• Loading metrics

Transcriptome Profiling of Giardia intestinalis Using Strand-specific RNA-Seq

  • Oscar Franzén ,

    Contributed equally to this work with: Oscar Franzén, Jon Jerlström-Hultqvist

    Affiliation Department of Cell and Molecular Biology, Karolinska Institutet, Stockholm, Sweden

  • Jon Jerlström-Hultqvist ,

    Contributed equally to this work with: Oscar Franzén, Jon Jerlström-Hultqvist

    Affiliation Department of Cell and Molecular Biology, BMC, Uppsala University, Uppsala, Sweden

  • Elin Einarsson,

    Affiliation Department of Cell and Molecular Biology, BMC, Uppsala University, Uppsala, Sweden

  • Johan Ankarklev,

    Affiliation Department of Cell and Molecular Biology, BMC, Uppsala University, Uppsala, Sweden

  • Marcela Ferella,

    Affiliation Department of Cell and Molecular Biology, BMC, Uppsala University, Uppsala, Sweden

  • Björn Andersson,

    Affiliation Department of Cell and Molecular Biology, Karolinska Institutet, Stockholm, Sweden

  • Staffan G. Svärd

    Affiliation Department of Cell and Molecular Biology, BMC, Uppsala University, Uppsala, Sweden

Transcriptome Profiling of Giardia intestinalis Using Strand-specific RNA-Seq

  • Oscar Franzén, 
  • Jon Jerlström-Hultqvist, 
  • Elin Einarsson, 
  • Johan Ankarklev, 
  • Marcela Ferella, 
  • Björn Andersson, 
  • Staffan G. Svärd


Giardia intestinalis is a common cause of diarrheal disease and it consists of eight genetically distinct genotypes or assemblages (A-H). Only assemblages A and B infect humans and are suggested to represent two different Giardia species. Correlations exist between assemblage type and host-specificity and to some extent symptoms. Phenotypical differences have been documented between assemblages and genome sequences are available for A, B and E. We have characterized and compared the polyadenylated transcriptomes of assemblages A, B and E. Four genetically different isolates were studied (WB (AI), AS175 (AII), P15 (E) and GS (B)) using paired-end, strand-specific RNA-seq. Most of the genome was transcribed in trophozoites grown in vitro, but at vastly different levels. RNA-seq confirmed many of the present annotations and refined the current genome annotation. Gene expression divergence was found to recapitulate the known phylogeny, and uncovered lineage-specific differences in expression. Polyadenylation sites were mapped for over 70% of the genes and revealed many examples of conserved and unexpectedly long 3′ UTRs. 28 open reading frames were found in a non-transcribed gene cluster on chromosome 5 of the WB isolate. Analysis of allele-specific expression revealed a correlation between allele-dosage and allele expression in the GS isolate. Previously reported cis-splicing events were confirmed and global mapping of cis-splicing identified only one novel intron. These observations can possibly explain differences in host-preference and symptoms, and it will be the basis for further studies of Giardia pathogenesis and biology.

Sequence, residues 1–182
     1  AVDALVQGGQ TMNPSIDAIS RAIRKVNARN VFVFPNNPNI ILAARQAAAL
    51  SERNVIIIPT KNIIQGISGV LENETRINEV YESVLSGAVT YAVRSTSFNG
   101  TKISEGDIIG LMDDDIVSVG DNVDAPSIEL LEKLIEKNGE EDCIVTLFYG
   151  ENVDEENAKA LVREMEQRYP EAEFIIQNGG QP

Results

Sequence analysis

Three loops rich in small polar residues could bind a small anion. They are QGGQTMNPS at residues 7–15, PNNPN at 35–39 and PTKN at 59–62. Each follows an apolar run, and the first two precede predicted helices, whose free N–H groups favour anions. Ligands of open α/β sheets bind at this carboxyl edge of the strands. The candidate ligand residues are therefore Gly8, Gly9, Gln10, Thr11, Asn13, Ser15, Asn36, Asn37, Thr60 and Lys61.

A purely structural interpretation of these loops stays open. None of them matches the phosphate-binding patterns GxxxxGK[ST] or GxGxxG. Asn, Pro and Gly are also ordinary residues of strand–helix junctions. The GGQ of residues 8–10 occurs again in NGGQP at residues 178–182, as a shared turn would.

Author Summary

Giardia is a single cell intestinal parasite and a common cause of diarrhea in humans and animals. Giardia is an unusual eukaryote by possessing two nuclei, a highly reduced genome and simple transcriptional apparatus. We have characterized the transcriptome of Giardia at single nucleotide resolution, which allowed the calculation of digital gene expression values for the complete set of genes. We performed a comparison of gene expression divergence across three genotypes. Most of the genes were transcribed, and the data were used to refine and correct gene models. Several gene expression differences were identified between the genotypes. A non-transcribed cluster of genes was detected on chromosome 5, likely representing a silenced region. The data also allowed mapping of transcript termini, which provided the first global view of 3′ untranslated regions in this parasite. This study also gives the first genome-wide evidence of transcription of allelic variants in Giardia. In this study, we provide novel insights into the transcriptome of an important human pathogen and model eukaryote. The findings reported here likely relate to the lifestyle of this parasite and its adaptation to parasitism. The data provide starting points for functional investigation of Giardia's biology and diplomonads generally.